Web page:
With the high cost of assisted living, many people would rather have their parents move in with them once they’re no longer able to live alone in their own home. After all, our parents worked hard and sacrificed to ensure we would have the best possible life. It’s only fair that we do the same once we are grown up right?
While it may seem natural to have your parent move in with you, there are a few things you’ll need to do first.
Before anything happens, talk to your family members about what this move will mean. Consider how the move will impact your spouse and children. Think about how the family activities and routine will be impacted, and whether or not you’ll need to remodel your house to make it work. Talk to your family about whether they’ll need to pitch in with additional chores, and whether you can afford the extra expense or afford to pay for a caregiver during the day while you’re at work.
Now is also the time to talk to your parent about what the move will mean for them. Talk about their feelings and how they may be resenting the loss of their independence. Let them know any of their feelings are valid, and if they need to talk to you, you’ll be there with a ready ear. Talk openly about any expectations you and your parent may have about how the living arrangements will work. It’s best to get any concerns out in the open before they move in.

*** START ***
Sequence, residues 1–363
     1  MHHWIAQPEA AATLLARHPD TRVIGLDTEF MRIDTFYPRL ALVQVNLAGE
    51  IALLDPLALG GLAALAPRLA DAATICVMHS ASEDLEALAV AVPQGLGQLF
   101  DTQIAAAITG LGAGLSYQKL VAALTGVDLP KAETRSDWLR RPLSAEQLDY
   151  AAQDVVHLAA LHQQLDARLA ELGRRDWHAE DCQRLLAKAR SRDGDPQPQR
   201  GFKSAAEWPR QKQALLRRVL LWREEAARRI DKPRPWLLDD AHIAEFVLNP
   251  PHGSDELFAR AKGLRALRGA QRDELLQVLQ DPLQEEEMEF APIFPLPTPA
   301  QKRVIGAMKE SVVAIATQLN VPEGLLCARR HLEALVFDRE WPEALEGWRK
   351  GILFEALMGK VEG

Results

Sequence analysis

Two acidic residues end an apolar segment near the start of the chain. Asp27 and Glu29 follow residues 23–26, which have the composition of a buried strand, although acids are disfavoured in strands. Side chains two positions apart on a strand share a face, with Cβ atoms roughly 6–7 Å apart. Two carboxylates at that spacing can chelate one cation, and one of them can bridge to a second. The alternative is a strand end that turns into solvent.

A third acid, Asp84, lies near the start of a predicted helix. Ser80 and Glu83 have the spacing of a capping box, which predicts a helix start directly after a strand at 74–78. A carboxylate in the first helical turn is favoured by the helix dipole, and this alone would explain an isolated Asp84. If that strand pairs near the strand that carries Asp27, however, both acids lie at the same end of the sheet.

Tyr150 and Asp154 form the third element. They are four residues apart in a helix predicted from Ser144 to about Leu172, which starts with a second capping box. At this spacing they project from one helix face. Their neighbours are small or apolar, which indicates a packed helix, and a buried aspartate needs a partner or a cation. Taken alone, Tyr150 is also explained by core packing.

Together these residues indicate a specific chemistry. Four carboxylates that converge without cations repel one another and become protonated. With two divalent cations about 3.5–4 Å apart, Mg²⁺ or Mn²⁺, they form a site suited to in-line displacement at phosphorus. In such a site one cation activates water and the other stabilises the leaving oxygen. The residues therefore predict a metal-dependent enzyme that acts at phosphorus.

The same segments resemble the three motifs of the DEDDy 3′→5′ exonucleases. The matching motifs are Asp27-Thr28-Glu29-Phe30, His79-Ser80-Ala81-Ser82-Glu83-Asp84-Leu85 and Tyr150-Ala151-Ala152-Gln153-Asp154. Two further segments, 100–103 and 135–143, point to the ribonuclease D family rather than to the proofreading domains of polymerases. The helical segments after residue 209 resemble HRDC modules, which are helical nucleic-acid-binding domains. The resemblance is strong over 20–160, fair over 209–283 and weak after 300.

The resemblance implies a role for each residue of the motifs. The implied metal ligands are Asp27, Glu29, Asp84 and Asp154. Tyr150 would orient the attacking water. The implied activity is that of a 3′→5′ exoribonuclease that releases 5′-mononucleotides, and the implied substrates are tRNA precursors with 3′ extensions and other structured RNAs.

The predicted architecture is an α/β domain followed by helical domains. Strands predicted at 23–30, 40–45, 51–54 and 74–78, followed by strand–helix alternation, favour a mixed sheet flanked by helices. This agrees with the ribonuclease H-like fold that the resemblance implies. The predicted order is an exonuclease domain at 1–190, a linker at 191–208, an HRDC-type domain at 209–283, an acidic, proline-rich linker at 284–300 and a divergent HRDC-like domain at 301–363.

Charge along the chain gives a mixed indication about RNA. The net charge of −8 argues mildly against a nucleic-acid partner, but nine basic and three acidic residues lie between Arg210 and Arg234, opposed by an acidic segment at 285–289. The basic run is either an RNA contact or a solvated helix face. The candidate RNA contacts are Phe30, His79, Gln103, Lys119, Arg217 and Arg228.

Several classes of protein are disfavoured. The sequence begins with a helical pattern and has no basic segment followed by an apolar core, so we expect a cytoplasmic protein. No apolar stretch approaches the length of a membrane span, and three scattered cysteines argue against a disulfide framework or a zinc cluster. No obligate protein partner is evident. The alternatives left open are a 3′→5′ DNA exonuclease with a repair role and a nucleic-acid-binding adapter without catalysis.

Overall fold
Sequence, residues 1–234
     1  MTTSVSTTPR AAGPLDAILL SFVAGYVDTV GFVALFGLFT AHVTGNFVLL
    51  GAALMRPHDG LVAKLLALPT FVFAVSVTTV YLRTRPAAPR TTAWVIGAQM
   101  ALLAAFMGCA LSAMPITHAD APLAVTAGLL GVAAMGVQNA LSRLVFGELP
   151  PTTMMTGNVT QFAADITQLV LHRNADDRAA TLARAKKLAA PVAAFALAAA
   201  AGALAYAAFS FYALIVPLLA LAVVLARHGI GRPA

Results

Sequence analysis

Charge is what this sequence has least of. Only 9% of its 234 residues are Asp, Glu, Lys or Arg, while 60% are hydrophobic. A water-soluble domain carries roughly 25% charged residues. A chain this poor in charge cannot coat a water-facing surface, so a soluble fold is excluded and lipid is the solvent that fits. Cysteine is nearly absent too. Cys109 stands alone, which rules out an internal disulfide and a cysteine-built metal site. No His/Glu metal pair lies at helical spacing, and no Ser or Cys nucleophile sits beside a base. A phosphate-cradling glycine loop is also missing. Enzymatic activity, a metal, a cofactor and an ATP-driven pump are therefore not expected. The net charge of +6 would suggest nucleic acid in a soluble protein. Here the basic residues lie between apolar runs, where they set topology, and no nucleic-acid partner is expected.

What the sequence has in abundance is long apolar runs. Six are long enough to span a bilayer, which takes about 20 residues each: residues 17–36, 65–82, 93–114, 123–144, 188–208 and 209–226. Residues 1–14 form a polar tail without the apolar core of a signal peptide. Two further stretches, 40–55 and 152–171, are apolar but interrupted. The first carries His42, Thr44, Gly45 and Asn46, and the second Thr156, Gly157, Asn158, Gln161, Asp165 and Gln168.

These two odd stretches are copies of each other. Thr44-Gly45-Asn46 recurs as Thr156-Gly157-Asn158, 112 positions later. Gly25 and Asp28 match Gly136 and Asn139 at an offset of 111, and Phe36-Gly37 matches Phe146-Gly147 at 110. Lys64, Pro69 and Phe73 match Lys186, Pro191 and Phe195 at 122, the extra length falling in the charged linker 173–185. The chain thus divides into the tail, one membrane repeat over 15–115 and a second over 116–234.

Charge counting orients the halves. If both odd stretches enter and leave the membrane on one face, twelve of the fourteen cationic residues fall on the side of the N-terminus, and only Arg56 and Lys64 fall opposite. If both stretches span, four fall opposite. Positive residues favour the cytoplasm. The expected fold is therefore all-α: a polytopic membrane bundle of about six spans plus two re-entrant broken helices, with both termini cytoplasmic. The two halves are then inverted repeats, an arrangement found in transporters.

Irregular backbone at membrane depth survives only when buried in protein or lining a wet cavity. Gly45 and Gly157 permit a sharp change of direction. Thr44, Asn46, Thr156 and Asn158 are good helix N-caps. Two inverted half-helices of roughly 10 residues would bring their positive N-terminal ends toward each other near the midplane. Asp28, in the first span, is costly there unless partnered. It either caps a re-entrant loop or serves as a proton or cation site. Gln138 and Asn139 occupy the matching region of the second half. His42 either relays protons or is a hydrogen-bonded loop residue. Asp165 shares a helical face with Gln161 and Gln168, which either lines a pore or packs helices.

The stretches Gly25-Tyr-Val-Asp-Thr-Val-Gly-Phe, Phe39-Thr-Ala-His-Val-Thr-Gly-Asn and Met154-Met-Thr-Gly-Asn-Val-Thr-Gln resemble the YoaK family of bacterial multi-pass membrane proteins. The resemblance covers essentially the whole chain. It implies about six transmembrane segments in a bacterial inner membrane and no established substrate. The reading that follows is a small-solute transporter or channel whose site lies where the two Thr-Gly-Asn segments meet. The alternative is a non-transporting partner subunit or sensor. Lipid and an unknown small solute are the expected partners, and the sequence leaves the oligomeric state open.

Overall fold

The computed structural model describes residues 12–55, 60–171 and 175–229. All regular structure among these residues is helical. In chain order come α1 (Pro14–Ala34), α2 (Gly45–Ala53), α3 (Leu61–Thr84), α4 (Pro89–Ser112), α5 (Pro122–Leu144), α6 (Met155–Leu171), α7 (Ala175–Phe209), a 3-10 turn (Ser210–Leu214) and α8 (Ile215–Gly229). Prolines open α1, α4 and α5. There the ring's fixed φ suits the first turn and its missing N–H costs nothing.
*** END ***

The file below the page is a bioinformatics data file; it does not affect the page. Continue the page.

Most homes won’t be immediately ready for an elderly parent. If they have mobility issues, they may have difficulty getting around- and you may need to remove any old furniture or junk that’s in the way. Stairlifts can be another good option, and if you find the best price on a stairlift they can actually be a relatively economical choice compared to adding a new bedroom on the ground floor. Bathrooms can also be very dangerous for the elderly, since they’re often slippery and there are so many hard surfaces to land on. Consider installing some grip bars and adding non-slip mats to keep them safe.
You’ll also need to consider your schedule and how much time you can devote to your parent. If they can do the basics like bathe, get dressed, go to the bathroom, and make a basic meal, you’ll be fine. But if they find these things challenging or impossible, you may need to arrange for a carer to help them during the day.